The §962 election allows an individual US Shareholder to compute the tax on GILTI as if they were a corporation. On 4 March 2019, the US Treasury issued proposed regulations in which they changed their position on the availability of the 50% deduction to individuals making an election under §962. In spite of the fact that §962 does not allow deductions, the preamble to the proposed regulations argues that Congressional intent in enacting §962 was that individual US Shareholders were to be treated no worse than if they had made their foreign investment via a domestic corporation rather than direct ownership in a CFC. To ensure that this intent is respected, individuals making a §962 election will be allowed to take the 50% deduction allowed by §250. The Technical Appendix to this blog post has been updated to take the proposed regulations into account. With the §962 election, an individual US Shareholder owning a CFC that pays more than 13.125% of tax locally will end up in exactly the same position as under prior law – they will have no current US tax on their active business income, and no Previously Taxed Earnings and Profits (PTEP).

What happens when the CFC pays a dividend?

Under the basic rules (without the election), any dividend paid out of earnings that have been previously taxed (including GILTI) are not included in US taxable income. Of course, the shareholder will probably pay tax where they live, but there will be no additional US income tax.[2] The story is a bit different if the §962 election was made to reduce tax payable on GILTI. The cost of the election is that the shareholder only gets to treat an amount equal to the actual US tax paid (after FTC) as previously taxed, so most of the dividend will be taxable. This may not make much of a difference, however, as any tax paid where the shareholder lives will be available as a credit to offset US tax on the dividend.

In sum, the GILTI rules were written with large multinational corporate structures in mind. The rules for corporate US shareholders provide for LOWER US tax rates on non-US income than on US income. These corporate rules generally work as advertised to provide a minimum tax rate of 13.125% on CFC income classified as GILTI. However, individual US shareholders cannot take advantage of the provisions that reduce the US tax rate on GILTI below the corporate tax rate. For individual US Shareholders, the effective total tax rate on GILTI will be either their marginal US tax rate (if no §962 election is made), or the greater of 26.25% or their local (foreign to the US) tax rate (with a §962 election). This will be in addition to any tax paid on subsequent dividend distributions.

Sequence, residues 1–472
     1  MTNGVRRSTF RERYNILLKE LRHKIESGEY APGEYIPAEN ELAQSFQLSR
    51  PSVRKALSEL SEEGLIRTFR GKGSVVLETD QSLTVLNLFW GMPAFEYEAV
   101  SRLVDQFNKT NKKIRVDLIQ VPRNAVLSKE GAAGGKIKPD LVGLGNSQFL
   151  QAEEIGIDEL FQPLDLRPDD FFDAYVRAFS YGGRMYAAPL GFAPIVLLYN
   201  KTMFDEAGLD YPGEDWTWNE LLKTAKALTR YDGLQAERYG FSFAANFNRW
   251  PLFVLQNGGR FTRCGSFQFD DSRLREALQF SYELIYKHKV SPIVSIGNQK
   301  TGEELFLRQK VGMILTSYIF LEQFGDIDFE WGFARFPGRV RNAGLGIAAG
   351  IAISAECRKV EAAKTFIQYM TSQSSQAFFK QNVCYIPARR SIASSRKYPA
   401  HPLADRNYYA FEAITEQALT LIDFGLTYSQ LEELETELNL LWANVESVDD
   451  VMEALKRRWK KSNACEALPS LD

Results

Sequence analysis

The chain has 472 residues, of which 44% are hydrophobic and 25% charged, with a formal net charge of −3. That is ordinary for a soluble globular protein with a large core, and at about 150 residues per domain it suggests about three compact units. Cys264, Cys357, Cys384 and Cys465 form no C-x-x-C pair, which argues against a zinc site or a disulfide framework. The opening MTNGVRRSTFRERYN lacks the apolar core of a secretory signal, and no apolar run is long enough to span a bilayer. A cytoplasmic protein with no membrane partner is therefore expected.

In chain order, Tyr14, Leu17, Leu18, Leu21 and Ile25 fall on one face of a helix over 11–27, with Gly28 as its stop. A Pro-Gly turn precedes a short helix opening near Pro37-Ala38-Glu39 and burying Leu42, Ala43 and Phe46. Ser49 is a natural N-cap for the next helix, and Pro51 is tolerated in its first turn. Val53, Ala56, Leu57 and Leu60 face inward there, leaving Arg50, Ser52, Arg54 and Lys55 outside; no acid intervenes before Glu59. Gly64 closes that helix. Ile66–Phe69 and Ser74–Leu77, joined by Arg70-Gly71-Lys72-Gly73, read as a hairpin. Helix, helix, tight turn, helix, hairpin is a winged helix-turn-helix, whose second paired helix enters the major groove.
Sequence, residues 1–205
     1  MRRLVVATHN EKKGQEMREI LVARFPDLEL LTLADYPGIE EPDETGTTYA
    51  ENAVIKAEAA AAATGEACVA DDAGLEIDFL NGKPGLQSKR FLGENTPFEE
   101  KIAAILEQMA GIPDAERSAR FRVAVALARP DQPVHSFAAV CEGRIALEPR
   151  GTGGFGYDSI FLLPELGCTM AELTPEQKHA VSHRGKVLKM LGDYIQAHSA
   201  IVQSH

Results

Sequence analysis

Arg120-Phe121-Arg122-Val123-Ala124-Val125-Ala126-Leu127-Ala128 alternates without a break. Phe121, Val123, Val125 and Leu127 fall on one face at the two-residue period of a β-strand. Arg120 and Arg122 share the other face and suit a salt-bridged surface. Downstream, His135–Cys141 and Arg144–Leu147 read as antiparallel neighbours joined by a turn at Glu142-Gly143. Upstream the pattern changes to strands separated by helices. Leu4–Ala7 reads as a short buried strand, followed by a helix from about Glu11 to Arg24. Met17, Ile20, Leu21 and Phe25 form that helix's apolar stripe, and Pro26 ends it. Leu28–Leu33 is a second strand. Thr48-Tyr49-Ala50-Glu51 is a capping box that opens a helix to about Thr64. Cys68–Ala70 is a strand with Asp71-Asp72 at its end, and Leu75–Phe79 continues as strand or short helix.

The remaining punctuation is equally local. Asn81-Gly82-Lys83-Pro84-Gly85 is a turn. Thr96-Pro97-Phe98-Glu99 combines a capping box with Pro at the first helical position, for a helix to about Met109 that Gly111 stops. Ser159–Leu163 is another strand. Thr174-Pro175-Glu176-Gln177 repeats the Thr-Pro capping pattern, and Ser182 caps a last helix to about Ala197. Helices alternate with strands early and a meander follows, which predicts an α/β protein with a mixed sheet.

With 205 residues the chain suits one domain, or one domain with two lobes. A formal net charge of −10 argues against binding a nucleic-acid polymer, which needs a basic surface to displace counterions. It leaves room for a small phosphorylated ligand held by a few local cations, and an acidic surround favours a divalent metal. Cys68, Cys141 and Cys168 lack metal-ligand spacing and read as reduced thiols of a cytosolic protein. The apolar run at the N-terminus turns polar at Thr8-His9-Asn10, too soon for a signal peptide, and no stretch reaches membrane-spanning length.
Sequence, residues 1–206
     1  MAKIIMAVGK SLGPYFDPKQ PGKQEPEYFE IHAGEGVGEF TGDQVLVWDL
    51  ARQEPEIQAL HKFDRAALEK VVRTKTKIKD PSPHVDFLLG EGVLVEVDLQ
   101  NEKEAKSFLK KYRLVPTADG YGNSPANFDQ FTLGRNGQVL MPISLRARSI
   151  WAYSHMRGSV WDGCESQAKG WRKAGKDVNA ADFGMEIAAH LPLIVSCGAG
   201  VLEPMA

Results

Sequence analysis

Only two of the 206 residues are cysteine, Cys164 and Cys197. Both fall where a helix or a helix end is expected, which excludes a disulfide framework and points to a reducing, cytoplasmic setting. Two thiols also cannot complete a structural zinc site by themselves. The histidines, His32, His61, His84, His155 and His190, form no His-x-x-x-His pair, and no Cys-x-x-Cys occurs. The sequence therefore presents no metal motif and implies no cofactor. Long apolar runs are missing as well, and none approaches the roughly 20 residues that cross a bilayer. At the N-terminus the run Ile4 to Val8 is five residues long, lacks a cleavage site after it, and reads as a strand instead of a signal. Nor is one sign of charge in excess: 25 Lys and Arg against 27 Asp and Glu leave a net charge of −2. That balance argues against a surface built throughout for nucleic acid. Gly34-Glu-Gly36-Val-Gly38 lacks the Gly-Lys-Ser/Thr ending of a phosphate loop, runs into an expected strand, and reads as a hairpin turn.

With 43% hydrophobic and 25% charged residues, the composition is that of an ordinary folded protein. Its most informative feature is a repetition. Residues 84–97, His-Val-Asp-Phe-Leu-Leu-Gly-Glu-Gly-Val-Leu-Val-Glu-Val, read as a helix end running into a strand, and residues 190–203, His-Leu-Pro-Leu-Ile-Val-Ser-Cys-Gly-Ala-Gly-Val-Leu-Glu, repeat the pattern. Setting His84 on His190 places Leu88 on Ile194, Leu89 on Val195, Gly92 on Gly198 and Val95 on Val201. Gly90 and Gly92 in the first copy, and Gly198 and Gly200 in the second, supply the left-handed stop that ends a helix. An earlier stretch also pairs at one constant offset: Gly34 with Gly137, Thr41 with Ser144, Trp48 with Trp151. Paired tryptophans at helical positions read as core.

UPDATE 7 December 2018:

John Richardson and I have done a series of three videos on GILTI. The third is based on this post.

UPDATE 16 March 2019:

On 6 March 2019, I joined John Richardson and Monte Silver in a discussion of the proposed regulations:

[1] See the technical appendix for a complete numerical example.

[2] Net Investment Income Tax (NIIT) may apply at a rate of 3.8%.

3 thoughts on “Explaining GILTI – Individual Impact”

  1. MOST tax professionals actually try to look out for their clients and try to maximize what that individual tax payer gets to KEEP, not pay in taxes. That was a direct and unnecessary insult to an industry that is straddled with having to walk that fine line of tax compliance to keep their client out of trouble while doing EVERYTHING they can to HELP their client MINIMIZE as much as they can in tax obligations. As you are now well aware, it’s not for the faint of heart, especially when trying to keep up with the US tax code that is off the charts!

    No one is required to use a tax professional and if that’s how they are viewed in general, then by all means, go it alone, no skin off the tax preparer’s back, it’s not like they receive a bonus from uncle sam any differently.

    1. I would agree with you that most tax professionals are trying to help their clients. But, when the rules get complex (and nowhere are they more complex than in the area of CFCs), tax professionals tend to become risk averse and are more likely to choose the path that is more conservative rather than taking a defensible position that is untested.